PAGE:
Despite record job gains in June, new data shows that women are still being left behind

In June, a record number of 4.8 million jobs were added to the economy, according to the Labor Department. This increase, which surpassed economists' expectations of 2.9 million jobs, is the largest single-month job gain in U.S. history. 

But, despite this record growth, data from the National Women's Law Center shows that many women are being left out of this economic rebound.

Between February and April, women lost more than 12.1 million jobs as a result of the coronavirus and only a third of those jobs returned in May and June. When comparing the unemployment rate for women versus men, women ages 20 and over have an unemployment rate of 11.2% compared to men over 20 with an unemployment rate of 10.1%. The June unemployment rate for women is 1.3 times higher than the highest unemployment rate women faced during the Great Recession and the subsequent recovery years, reports NWLC. 

"Since the pandemic has hit, women have lost the majority of the jobs that the economy has shed, and that is still the case even after the gains we saw last month," Emily Martin, vice president for education and workplace justice at NWLC tells CNBC Make It. "It's partly because of the industries the pandemic has hit like leisure and hospitality, retail, and state and government jobs. Those are industries where women are the majority of workers."

In the leisure and hospitality sector, women account for 52% of the industry workforce. In local and state government jobs, women account for 58% of the workforce. And in retail, women account for 48% of the workforce, but made up 61% of the industry's job losses in April. Though 57.1% of the jobs women gained back last month were in the leisure and hospitality and retail sectors, experts fear that women could be in jeopardy of losing those jobs again as states re-impose restrictions on service sector businesses.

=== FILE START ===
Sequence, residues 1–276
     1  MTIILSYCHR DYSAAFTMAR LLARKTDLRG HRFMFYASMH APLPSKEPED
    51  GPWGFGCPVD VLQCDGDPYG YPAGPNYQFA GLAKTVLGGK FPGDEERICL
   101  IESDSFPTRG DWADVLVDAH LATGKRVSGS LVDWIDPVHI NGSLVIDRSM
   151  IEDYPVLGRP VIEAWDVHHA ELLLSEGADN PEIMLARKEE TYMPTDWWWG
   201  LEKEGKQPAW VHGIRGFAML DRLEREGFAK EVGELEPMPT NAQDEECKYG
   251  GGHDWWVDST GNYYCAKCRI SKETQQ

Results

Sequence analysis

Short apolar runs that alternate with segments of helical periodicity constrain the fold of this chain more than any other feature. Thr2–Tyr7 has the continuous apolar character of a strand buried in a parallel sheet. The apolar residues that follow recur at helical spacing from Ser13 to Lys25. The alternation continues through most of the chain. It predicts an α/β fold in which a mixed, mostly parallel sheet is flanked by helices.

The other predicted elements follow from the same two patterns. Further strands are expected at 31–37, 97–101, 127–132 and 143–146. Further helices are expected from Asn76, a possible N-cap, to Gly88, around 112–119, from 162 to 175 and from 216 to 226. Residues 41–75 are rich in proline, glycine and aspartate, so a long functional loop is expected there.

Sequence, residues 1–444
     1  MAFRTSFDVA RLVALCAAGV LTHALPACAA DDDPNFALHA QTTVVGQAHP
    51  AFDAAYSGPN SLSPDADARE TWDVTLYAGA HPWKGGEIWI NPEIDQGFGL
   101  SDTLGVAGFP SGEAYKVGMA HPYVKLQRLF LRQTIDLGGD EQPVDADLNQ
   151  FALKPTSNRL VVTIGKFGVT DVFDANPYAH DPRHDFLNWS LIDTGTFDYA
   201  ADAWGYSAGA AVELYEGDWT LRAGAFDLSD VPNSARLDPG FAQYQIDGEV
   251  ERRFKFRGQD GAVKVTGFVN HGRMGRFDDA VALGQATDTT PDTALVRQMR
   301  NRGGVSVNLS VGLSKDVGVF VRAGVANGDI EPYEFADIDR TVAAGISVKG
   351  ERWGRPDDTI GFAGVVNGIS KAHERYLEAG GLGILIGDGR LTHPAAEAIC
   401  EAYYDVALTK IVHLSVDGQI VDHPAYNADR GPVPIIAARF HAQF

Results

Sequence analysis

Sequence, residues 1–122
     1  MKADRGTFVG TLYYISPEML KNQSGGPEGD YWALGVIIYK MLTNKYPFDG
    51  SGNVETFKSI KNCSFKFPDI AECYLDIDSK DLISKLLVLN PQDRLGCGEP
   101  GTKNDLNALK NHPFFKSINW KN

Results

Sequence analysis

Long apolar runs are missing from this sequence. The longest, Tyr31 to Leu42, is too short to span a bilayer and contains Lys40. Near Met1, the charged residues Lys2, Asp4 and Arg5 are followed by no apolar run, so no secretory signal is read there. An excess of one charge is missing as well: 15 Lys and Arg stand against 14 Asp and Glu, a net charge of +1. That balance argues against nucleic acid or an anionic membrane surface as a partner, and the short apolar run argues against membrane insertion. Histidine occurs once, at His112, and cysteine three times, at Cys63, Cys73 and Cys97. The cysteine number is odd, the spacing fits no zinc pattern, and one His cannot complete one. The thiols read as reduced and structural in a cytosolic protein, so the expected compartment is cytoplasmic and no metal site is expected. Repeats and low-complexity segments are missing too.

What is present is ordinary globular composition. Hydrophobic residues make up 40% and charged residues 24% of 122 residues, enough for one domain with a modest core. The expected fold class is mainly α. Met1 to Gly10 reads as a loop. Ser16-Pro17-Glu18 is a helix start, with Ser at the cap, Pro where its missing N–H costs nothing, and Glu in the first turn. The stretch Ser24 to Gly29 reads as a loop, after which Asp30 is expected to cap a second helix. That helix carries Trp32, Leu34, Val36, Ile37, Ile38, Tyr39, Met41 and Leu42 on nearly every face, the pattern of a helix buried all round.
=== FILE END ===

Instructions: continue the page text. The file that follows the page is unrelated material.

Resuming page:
"What we're worried about is those service industry jobs that began to come back are also the ones that are vulnerable to being lost again if parts of the economy have to close down due  to Covid-19 spikes" says Martin. "In fact, the jobs data that we have was collected through mid-June and it doesn't capture some of the [recent] shutdowns that we've seen in a few states."

As a result of increased Covid-19 cases, several states, including Florida, California and Texas, have announced that they're reversing plans of opening more service sector businesses in an effort to slow the spread of the virus. 

In addition to the loss of these service industry jobs, Martin says the ongoing closure of schools and day-care centers is also having a huge impact on women.

"As the entire child-care sector shut down, women were losing flexibility at the very moment that employers were deciding who to lay off and who to fire," she says. And, with women continuing to take on the majority of child-care responsibilities, Martin says she's concerned about the impact this could have on "women's recovery in the longer term" if there aren't "significant federal investments in the child-care sector."

Another critical piece of federal relief that is needed, Martin adds, is in state and local governments where women are disproportionately losing their jobs as teachers, public health workers and case workers due to layoffs. In fact, between February and May 2020, women lost 63% of the 1.5 million state and local government jobs that were eliminated, according to NWLC data. 

"Those services are critical services that help support women and their families," she says. "So one important policy response right now is to make sure those public sector workers can continue to stay on the job and provide the services that allow all of us to be healthy, that allow kids to go to school and that allow parents to have the support they need to be able to go to work."

As the economy tries to rebound from the impact of the pandemic, Martin says it will be important to monitor how Latina and Black women fare in the job market as they've been impacted the most by job losses. 

In June, the unemployment rate for Latinas ages 20 and over was 15.3%, while the unemployment rate for Black women 20 and over was 14%. Both figures are roughly three times the unemployment rate Latina and Black women faced in February before the pandemic hit. 

"Black women and Latinas have been, and continue to be, especially hit hard with unemployment rates," says Martin. "So it's also important to recognize that solutions have to be focused not just on making sure that we build an economy that is promoting gender justice, but also promoting racial justice coming out of this recession."

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